Taking It Personally

John Martellaro

Two of the biggest and most successful corporate entities the world has ever known are headed for an inevitable crisis.

At Apple, CEO Steve Jobs announced his resignation due to ill health. At Berkshire Hathaway, CEO Warren Buffett hasn’t announced anything, but he doesn’t have to. Not at the age of 81.

Apple must learn, internally, how to move forward without Jobs. Perhaps more importantly, the company must learn how to move forward externally without Jobs as the public face of the company. Sometime soon, Berkshire Hathaway will have to deal with the same crisis.

That doesn’t necessarily mean bad news. Dictionary.com defines “crisis” as “a stage in a sequence of events at which the trend of all future events, especially for better or for worse, is determined; turning point.”

For most organizations, the departure of a single individual, even a dynamic leader, does not rise to the level of a crisis. In a handful of cases, however, the power of that individual’s personal brand is such that the separation of the personal and organizational brands triggers a crisis.

Stock market reactions in late August demonstrated the power of Buffett’s and Jobs’ personal brands.

On August 24, after Wall Street exchanges closed for the day, Apple announced Jobs’ resignation. After-hours trading was furious, and the nation’s second-largest business lost about five percent of its market value over the course of a few hours, before rallying the next day.

A day later, Buffett announced that Berkshire Hathaway was going to invest $5 billion in struggling Bank of America. On a day that the Dow Jones industrial average fell 171 points, The S&P 500 dropped 18 points and the NASDAQ declined 48 points, Bank of America went up about 10 percent. This was on the heels of a 30 percent decline in Bank of America’s stock price for calendar 2011 up to that point.

Jobs and Buffett are names – personal brands – that move markets on a global scale.

Clearly, the departure of these two larger-than-life personalities will be fundamental turning points for both organizations. That’s the double-edged sword any organization faces whenever the personal brand of a dynamic leader becomes thoroughly intertwined with the organizational brand.

As the Bank of America investment shows, the positive impact of that personal brand can be enormous. When the leader leaves the stage, however, the organizational brand so closely tied to that leader’s personal brand becomes obsolete. The organization must redefine itself to the world.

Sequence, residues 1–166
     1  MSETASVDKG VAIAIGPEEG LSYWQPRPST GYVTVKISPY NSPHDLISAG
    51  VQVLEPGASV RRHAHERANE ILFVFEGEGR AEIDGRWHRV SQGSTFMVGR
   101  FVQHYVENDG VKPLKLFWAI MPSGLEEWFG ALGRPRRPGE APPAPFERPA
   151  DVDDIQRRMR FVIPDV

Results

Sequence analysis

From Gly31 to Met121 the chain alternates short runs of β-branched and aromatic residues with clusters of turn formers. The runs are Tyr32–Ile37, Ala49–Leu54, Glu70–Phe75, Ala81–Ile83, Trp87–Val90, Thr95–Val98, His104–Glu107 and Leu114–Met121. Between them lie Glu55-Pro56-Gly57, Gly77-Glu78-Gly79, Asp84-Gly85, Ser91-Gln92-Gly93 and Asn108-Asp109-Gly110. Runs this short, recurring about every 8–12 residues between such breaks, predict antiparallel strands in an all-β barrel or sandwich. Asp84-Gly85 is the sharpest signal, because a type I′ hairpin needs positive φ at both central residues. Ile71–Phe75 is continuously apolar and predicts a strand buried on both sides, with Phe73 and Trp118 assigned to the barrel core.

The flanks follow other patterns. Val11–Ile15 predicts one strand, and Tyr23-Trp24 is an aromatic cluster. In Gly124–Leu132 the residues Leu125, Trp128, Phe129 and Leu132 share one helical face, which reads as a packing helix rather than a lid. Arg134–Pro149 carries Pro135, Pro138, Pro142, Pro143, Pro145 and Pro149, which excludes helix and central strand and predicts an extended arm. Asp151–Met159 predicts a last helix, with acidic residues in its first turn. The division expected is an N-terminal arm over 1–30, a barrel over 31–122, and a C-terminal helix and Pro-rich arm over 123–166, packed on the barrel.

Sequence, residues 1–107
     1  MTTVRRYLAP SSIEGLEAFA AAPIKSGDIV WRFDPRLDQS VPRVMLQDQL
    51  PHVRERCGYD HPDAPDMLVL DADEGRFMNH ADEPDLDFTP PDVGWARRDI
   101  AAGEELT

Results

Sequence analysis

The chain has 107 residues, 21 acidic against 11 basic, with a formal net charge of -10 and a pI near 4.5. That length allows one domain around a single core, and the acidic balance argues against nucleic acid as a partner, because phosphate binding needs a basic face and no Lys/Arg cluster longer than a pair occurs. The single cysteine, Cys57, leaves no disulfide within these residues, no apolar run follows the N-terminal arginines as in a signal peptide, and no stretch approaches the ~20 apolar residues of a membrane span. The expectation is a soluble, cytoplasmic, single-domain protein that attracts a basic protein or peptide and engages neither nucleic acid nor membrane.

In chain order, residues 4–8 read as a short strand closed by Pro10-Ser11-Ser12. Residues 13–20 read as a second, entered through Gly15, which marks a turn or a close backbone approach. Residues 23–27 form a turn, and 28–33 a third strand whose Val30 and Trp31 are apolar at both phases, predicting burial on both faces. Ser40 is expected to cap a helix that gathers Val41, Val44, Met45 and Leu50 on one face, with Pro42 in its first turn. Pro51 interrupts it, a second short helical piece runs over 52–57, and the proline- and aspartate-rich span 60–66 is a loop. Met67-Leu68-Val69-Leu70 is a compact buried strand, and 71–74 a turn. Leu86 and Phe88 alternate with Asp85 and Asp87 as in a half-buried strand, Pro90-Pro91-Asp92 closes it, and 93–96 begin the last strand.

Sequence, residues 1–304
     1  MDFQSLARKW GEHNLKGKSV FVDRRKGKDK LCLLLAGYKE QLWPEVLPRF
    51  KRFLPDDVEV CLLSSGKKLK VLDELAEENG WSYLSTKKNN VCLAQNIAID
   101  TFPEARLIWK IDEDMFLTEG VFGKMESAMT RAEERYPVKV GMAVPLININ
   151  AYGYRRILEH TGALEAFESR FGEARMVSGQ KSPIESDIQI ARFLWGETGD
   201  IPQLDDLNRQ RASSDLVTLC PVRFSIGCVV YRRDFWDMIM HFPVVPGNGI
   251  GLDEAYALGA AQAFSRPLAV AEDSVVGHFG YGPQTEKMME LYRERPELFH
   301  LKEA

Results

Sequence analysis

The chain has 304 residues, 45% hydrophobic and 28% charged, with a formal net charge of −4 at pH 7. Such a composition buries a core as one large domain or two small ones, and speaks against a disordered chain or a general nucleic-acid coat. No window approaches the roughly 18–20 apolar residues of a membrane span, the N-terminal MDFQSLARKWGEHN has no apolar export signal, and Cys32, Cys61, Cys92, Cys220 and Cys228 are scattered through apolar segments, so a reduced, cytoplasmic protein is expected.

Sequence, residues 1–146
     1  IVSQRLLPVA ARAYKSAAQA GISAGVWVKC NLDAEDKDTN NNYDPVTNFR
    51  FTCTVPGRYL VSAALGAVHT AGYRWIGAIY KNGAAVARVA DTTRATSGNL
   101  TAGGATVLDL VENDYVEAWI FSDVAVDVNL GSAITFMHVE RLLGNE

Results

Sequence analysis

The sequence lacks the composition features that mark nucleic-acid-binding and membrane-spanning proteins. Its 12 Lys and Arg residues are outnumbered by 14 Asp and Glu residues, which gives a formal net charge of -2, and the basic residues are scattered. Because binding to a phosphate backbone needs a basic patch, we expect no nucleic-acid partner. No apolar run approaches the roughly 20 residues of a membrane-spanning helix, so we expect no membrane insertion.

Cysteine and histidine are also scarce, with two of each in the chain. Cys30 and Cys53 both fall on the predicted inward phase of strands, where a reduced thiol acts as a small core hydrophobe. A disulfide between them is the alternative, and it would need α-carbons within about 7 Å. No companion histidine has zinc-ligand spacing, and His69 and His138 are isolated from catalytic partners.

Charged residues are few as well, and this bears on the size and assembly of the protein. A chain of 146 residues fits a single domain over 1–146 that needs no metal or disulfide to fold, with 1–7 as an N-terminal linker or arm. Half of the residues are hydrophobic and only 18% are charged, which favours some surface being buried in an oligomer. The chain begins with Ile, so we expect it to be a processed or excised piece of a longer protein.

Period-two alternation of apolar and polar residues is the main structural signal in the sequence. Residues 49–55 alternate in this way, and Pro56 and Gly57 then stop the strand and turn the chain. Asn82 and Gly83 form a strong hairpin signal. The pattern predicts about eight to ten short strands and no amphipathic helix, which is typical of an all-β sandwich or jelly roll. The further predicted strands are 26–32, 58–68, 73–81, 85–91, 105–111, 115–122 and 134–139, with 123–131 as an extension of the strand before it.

It’s a double-edged sword because the contributions of singular individuals are profound. Without the intelligence, creativity and leadership of Jobs and Buffett, it’s hard to imagine either Apple or Berkshire Hathaway becoming the force of commerce they both are.

Now, however, the organizations face the challenge of defining who and what they are, separate from those individuals. That’s why organizations with leaders who are strong, charismatic – and very public – need to start thinking about communicating transition and succession long before such plans need to be put in play.

Organizations seeking to build brands that will endure should focus on institutional values and characteristics that are bigger than any one individual. A brand dependent on a single individual is a brand that is always on a countdown to obsolescence.

— John Martellaro, Senior Account Manager

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2 Responses to Taking It Personally

  1. I like your analysis of the challenges facing organizations that are identified with charismatic leaders. Your recommendation to focus communications on the organization’s values is so important. It seems a similar challenge also arises within teams with charismatic leaders. What do you think of the idea of focusing communications on the idea that teams exist to accomplish a goal and that teams will morph to match the organization’s changing needs?

    • You’re right — the challenge for teams within organizations is similar. Focusing communications on goals can be part of the answer; another part is emphasizing the charismatic leader’s willingness to share credit and acknowledge the contributions of the entire team to their success. Overall, communications should reflect the actual nature of an organization’s approach to teams. In some, teams are ad-hoc goal-focused structures; in others, they are fairly permanent and task-oriented.

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